By Louis Chan
AsAmNews National Writer
Wearing a leather jacket, dark shades and spiky hair, teen Sid Park (Justin Chon) arrives at Seoul Kimpo Airport acting as high as a kite. He’s set to embark on a summer of excessive drinking, teen hi jinks and, unbeknownst to him, soul searching. Seoul Searching is also the title of the independent film set in 1986 from director Benson Lee which premiered at Sundance last year and is now on a 30 city run in the United States.
Lee tells AsAmNews that Sid who he describes as an “American punker” is the character that most resembles him.
“I wasn’t as hardcore as Sid, but I was definitely a rebel back then,” Lee said. Just as with Sid, Lee himself was sent by his parents to summer camp in Seoul to get in touch with his Korean culture. Along the way, Sid learns a lot about himself.
The characters on the surface are quite superficial. There’s Sid’s roommates Sergio Kim (Esteban Ahn), a Korean Mexican obsessed with getting the ladies, and Klaus Kim (Teo Yoo), a Korean from Berlin whose the most serious of the three. He also has a knack for getting the booze.
It doesn’t take long for the boys to discover the girls are on the third floor which is strictly off limits to them, unless they want to risk suspension. They quickly get to know Grace Park (Jessica Van), a tall hard edged beauty out to seduce the guys and Kris Schultz (Rosalina Leigh) whose back story leads to one of the most emotionally wrought moments of this film. Overseeing all the kids is tough head teacher Mr. Kim (In-Pyo Cha) who’s hiding some issues of his own.
Beneath all the superficiality however are carefully crafted layered characters who become the backbone of this 80’s period piece. For instance, Sid acts out and gets in trouble when all he really wants is to be loved. Underneath that toughness, he has good heart and tries to do good.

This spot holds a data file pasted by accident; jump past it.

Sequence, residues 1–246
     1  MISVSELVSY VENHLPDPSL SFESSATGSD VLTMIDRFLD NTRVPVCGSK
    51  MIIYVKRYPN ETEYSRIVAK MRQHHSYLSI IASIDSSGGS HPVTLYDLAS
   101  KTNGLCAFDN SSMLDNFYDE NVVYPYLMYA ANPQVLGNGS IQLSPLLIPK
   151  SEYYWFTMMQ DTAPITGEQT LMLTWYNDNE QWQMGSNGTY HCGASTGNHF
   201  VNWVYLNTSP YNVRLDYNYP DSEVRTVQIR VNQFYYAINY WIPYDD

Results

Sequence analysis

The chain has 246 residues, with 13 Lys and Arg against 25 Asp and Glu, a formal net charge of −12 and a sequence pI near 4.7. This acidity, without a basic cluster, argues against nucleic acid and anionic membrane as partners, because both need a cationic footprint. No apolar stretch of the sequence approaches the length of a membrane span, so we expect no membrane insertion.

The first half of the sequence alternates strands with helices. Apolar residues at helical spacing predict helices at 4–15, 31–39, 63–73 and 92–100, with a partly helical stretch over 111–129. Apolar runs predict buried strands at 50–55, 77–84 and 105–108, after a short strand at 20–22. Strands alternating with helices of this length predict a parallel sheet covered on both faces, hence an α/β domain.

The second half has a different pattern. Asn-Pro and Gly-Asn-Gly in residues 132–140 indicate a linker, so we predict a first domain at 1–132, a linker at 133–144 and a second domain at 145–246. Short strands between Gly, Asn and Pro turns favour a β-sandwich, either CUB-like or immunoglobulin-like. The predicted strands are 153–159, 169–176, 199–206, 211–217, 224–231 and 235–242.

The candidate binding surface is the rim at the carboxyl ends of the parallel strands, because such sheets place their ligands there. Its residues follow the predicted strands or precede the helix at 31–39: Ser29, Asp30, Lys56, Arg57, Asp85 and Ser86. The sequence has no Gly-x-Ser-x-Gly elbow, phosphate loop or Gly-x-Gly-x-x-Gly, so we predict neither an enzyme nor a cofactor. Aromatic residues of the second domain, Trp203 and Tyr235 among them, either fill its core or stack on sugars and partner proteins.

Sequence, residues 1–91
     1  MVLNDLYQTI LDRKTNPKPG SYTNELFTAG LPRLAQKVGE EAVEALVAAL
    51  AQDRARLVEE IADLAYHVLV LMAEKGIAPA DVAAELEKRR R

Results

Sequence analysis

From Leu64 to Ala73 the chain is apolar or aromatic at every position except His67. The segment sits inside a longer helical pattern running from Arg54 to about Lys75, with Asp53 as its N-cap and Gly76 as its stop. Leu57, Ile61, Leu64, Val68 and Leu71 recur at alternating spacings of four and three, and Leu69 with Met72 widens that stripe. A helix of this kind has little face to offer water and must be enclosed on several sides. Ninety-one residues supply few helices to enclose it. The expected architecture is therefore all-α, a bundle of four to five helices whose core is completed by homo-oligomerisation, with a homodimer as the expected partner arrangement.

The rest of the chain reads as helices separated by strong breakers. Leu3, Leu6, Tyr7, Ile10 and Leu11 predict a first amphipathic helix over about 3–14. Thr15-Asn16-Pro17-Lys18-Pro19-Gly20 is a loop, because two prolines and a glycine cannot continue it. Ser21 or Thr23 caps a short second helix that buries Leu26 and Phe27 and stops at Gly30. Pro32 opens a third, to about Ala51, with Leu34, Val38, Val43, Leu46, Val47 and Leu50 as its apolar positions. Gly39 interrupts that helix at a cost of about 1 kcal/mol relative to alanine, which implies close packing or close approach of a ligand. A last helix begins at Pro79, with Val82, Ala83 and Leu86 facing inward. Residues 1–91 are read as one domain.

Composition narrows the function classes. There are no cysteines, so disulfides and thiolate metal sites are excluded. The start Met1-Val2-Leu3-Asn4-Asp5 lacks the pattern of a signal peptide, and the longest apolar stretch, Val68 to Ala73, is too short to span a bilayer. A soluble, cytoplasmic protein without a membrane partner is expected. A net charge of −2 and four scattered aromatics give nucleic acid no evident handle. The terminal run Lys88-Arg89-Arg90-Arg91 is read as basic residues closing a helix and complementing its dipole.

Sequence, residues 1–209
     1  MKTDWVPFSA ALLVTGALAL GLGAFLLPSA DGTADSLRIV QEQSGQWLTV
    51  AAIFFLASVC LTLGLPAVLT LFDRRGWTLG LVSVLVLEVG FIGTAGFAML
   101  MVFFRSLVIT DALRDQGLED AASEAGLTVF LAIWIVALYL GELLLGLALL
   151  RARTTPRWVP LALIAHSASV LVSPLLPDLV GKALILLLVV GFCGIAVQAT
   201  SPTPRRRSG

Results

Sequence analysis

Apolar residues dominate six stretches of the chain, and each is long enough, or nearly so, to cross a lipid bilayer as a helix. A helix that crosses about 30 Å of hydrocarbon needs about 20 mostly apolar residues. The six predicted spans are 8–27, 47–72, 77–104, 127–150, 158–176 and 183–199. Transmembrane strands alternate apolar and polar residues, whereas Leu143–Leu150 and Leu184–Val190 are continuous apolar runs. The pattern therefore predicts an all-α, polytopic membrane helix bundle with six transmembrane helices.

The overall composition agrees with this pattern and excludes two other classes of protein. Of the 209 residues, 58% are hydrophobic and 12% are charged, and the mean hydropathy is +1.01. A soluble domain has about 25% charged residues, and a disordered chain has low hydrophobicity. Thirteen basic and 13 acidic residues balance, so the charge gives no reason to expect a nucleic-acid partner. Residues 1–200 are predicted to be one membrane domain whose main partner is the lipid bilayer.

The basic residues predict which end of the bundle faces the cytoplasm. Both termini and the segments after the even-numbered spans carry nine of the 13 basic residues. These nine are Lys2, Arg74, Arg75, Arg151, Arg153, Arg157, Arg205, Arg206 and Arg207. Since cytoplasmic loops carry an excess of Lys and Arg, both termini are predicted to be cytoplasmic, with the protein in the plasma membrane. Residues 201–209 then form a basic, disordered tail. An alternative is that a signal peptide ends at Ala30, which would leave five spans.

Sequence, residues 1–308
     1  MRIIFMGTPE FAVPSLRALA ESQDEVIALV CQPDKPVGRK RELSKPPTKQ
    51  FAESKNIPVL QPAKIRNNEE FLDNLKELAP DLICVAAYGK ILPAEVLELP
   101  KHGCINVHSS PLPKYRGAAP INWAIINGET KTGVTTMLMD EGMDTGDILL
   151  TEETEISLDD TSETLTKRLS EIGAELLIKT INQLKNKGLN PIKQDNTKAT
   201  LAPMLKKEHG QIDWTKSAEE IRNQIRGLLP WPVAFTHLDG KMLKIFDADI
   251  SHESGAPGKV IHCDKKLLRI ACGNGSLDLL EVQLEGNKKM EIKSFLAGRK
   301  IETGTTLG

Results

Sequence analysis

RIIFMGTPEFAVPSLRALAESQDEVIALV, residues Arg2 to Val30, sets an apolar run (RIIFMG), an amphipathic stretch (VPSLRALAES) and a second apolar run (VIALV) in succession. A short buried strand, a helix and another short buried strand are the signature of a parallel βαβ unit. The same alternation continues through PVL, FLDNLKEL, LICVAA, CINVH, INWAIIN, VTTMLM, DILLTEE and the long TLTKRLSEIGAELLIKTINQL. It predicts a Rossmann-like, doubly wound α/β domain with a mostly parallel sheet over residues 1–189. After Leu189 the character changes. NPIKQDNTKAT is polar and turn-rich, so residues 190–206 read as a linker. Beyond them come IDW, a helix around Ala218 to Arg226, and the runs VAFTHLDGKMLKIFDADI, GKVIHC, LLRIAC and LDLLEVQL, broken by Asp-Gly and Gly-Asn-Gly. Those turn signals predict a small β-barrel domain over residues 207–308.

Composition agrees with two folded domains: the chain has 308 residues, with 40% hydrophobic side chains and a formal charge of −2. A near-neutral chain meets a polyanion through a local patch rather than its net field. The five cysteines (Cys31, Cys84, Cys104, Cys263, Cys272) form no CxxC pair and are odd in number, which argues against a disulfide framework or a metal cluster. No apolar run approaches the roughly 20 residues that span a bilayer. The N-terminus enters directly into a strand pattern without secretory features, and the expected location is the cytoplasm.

“On one hand, my goal was to create entertaining characters, which is why they may come off as archetypes initially. On the other hand, I wanted to challenge those archetypes by showing a more personal side to each character,” Lee explained. “The only way you can do that is by exposing their vulnerability and personal issues. It’s these moments that are most poignant and helps to redefine how you view and relate to the characters in the film.”
Despite an 86% rating on Rotten Tomatoes and a 77% from the critics, distribution has been limited. Lee says limited resources has meant the film has had to rely on word of mouth to get people out to see Seoul Searching. Despite that, Seoul Searching may be one of the most successful Asian American movies in decades.
“It basically doesn’t exist outside of the Asian American film festival circuit,” said Lee when asked about the state of Asian American filmmaking. “We’re the first Asian American Film to go wide (30 markets) since Better Luck Tomorrow, so in that sense, we haven’t come that far. But, there have been so many amazing AA films made since BLT premiered that deserved to be distributed widely but never got the opportunity. Regardless, I’m optimistic for the future because things are changing. We have more Asian Americans working behind the camera than ever before.”
Lee says his next English language movie will be about the world of Kpop. He declined to reveal any further details.
Seoul Searching opens in San Francisco and Seattle on Friday.
WASHINGTON D.C. JULY 8 – 21 ANGELIKA POP-UP PURCHASE TICKETS
HONOLULU JULY 8 – 14 CONSOLIDATED KAHALA PURCHASE TICKETS
CERRITOS. CA JULY 8 – 14 HARKINS THEATER PURCHASE TICKETS
DALLAS, TX JULY 15 – 17 ALAMO DRAFTHOUSE PURCHASE TICKETS
SAN FRANCISCO JULY 15 – 21 THE ROXIE PURCHASE TICKETS
SEATTLE JULY 15 – 21 THE SUNDANCE CINEMAS PURCHASE TICKETS
TORONTO JULY 22 – 28 THE KINGSWAY THEATER LINK COMING SOON
CALGARY JULY 22 – 28 THE PLAZA THEATER LINK COMING SOON
LA HABRA, CA JULY 29 – AUG 4 REGAL LA HABRA LINK COMING SOON
JOHNS CREEK, GA AUG 5 – 22 – 28 THE PLAZA THEATER LINK COMING SOON
BALTIMORE AUG 11 CREATIVE ALLIANCE LINK COMING SOON
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